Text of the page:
Learners will provide evidence and one performance goal to support their arguments for a raise. Arguments must be accurate, logical and appropriate for presentation to a manager in the professional workplace. Learners will appropriately respond to the rejection of a raise and ask for work goals that may that will increase their likelihood of getting a raise.
Relevance to Practice
Making a strong argument in favor of a raise is an important skill to have as an adult employee. It is good to be able to identify the conditions that are optimal for a raise and to be able to make a strong argument backed by examples of exceptional work performance. It is also beneficial, both personally and professionally, for learners to use their creativity to imagine future scenarios where they may achieve work performance goals. Although fair compensation in the workplace is a complicated socio-economic issue, these learned skills can help adults seek fair compensation in scenarios where it is possible. Requests for a raise frequently get rejected due to funding issues or criticism of a worker's work, and properly handling criticism is a skill many workers lack.
Key Terms and Concepts
- Pay raise: An increase in the yearly salary or hourly wage that an employee receives.
- Business value: Anything an employee does that helps a company stay in business.
- Work performance: The tasks and duties an employee performs as a part of his or her job description.
- Performance goal: An action or set of actions an employee intends to achieve in the future within his or her workplace.
Instructional Strategies and Activities
Time: 5 minutes
Give students these exercises:
- Think of a time you performed well at a job. What task or objective did you perform well? Did you mention your performance to your manager as supporting evidence in a request for a raise? If you did not, do you think you should have? Why or why not? Pair up with a partner and discuss these points.
- Think of a time your work got criticized. Did you think the criticism was fair? How did you respond? Do you wish you had responded differently? Pair up with a partner and discuss these points.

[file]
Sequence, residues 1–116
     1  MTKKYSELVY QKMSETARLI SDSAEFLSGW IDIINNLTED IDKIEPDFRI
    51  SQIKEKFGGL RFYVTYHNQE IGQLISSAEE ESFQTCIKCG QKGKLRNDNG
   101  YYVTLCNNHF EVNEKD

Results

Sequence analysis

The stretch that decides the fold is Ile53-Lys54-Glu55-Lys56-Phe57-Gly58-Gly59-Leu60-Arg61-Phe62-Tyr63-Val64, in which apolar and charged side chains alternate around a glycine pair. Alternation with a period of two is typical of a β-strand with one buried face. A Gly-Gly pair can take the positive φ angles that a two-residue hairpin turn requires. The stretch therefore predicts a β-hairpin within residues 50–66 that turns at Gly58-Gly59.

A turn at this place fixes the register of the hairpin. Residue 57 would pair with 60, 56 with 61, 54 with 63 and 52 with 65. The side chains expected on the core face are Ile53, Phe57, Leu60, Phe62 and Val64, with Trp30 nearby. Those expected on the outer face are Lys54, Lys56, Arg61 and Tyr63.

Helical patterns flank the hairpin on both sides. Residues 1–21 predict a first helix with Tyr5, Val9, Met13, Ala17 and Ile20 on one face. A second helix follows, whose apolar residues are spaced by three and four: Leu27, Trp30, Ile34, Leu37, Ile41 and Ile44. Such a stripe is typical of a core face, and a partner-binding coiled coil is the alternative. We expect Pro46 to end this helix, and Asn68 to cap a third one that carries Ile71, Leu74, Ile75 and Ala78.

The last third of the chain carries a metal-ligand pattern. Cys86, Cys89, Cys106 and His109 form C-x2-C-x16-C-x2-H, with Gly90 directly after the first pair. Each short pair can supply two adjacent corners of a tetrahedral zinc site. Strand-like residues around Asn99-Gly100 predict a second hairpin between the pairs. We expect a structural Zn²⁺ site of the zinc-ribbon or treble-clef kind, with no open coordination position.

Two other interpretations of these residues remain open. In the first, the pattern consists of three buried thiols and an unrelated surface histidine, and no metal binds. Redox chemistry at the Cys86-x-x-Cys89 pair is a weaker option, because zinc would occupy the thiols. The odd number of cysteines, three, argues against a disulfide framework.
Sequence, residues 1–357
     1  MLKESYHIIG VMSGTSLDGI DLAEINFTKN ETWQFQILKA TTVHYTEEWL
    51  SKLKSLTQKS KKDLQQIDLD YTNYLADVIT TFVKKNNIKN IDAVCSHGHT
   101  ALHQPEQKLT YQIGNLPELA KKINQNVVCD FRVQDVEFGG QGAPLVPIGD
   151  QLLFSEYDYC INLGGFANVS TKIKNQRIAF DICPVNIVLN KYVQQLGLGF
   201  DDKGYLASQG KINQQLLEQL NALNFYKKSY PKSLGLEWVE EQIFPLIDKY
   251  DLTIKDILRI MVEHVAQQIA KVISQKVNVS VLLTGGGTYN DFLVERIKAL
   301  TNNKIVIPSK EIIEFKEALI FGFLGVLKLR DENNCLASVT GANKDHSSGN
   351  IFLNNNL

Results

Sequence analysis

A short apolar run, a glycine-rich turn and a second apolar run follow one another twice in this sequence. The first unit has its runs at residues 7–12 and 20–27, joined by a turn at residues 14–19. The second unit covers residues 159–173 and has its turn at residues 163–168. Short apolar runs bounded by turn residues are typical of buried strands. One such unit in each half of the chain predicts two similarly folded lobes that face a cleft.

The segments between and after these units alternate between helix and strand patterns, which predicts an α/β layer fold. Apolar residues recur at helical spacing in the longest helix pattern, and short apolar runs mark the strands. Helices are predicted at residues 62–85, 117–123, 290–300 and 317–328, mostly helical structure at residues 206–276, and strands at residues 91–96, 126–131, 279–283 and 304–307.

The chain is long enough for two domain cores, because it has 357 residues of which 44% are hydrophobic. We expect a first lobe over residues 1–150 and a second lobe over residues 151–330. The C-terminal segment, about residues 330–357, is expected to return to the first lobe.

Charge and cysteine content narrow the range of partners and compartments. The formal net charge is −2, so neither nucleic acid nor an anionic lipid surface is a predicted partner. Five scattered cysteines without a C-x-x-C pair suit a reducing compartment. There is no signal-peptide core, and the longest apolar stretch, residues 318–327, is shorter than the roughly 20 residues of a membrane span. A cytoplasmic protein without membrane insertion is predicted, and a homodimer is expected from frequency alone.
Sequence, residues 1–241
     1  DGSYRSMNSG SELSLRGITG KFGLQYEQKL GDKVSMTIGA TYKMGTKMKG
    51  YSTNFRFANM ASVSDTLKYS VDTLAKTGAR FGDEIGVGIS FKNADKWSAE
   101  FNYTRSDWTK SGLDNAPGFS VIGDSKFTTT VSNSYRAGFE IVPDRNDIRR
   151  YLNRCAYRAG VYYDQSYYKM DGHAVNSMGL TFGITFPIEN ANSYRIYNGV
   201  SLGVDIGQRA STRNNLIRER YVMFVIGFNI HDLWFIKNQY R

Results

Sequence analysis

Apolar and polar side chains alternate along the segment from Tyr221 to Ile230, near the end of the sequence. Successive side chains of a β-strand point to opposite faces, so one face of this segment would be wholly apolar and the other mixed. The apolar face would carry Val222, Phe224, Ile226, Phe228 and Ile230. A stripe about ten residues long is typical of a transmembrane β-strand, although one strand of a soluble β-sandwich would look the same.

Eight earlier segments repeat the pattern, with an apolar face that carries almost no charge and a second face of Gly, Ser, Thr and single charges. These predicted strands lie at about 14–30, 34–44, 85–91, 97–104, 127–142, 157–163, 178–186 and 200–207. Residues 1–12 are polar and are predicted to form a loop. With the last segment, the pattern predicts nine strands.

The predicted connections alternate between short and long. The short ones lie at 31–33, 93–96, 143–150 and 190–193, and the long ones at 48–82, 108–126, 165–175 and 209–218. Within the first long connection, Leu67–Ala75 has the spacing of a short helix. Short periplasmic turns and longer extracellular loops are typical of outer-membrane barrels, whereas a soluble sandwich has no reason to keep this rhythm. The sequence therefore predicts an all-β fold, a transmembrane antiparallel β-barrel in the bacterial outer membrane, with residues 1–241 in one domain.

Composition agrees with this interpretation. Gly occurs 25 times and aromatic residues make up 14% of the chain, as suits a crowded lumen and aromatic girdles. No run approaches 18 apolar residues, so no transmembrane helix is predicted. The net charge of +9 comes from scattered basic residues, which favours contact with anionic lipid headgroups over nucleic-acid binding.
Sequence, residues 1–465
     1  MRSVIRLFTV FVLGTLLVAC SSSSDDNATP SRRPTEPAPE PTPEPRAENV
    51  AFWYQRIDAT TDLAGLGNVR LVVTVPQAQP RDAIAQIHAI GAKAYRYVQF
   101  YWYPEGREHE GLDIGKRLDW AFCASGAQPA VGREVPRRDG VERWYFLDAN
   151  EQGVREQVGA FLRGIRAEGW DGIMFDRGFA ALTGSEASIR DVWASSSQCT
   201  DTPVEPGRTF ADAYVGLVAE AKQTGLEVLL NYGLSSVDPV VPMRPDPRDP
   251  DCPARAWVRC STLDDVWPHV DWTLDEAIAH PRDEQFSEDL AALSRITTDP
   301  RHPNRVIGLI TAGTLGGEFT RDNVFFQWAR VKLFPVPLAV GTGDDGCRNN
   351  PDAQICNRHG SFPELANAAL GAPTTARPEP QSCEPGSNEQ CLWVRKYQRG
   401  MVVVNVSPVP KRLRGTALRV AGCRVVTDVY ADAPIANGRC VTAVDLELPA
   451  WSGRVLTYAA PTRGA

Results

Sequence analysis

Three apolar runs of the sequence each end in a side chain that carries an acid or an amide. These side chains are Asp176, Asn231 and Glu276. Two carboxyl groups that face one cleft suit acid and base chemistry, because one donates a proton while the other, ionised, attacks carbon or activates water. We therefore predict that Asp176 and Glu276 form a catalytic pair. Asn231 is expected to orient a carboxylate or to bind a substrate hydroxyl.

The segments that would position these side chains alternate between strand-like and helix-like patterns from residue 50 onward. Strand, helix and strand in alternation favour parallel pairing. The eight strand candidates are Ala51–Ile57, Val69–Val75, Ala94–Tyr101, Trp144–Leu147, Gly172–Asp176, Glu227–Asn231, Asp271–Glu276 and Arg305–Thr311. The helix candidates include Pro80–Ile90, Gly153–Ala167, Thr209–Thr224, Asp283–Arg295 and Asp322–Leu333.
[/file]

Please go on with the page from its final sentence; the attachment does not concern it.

Time: 1 minute
The teacher introduces the key terms and concepts.
The teacher introduces the following learning objective:
- By the end of this lesson, you will know how to make an argument in favor of a raise by citing evidence and one performance goal that supports your argument.
- You will know how to respond to the rejection of a raise request and criticism of your work.
Presentation / Modeling / Demonstration
Time: 10 minutes
Present these materials to the class:
This Powerpoint presentation includes:
- Examples of the conditions that have to exist in order to ask for a raise.
- Examples of employees performing exceptionally.
- Examples of work performance goals.
- Guidelines on how to respond to the rejection of a raise and/or criticism of your work.
Time: 18 minutes
Read the following scenario aloud to prepare students for their writing exercise:
Diego is a sales associate at an office supplies company. Diego has been working there for two years and has never received a raise. He plans on asking for one soon. Diego likes his job and plans on staying with the company for years to come.
Here is a brief overview of Diego's last year with the company:
- Diego has a pattern of being late occasionally. He wants to improve that behaviour.
- When his manager, Sheila, was trying to find a strategy to increase recent low sales, Diego made a suggestion to about how to improve the customer engagement strategy. He suggested that each associate compile a list of questions they should ask about a potential customer before assessing if they would buy the product. Sheila did not formally implement the strategy into the department's process but some employees told Diego's technique they used his strategy to improve their sales.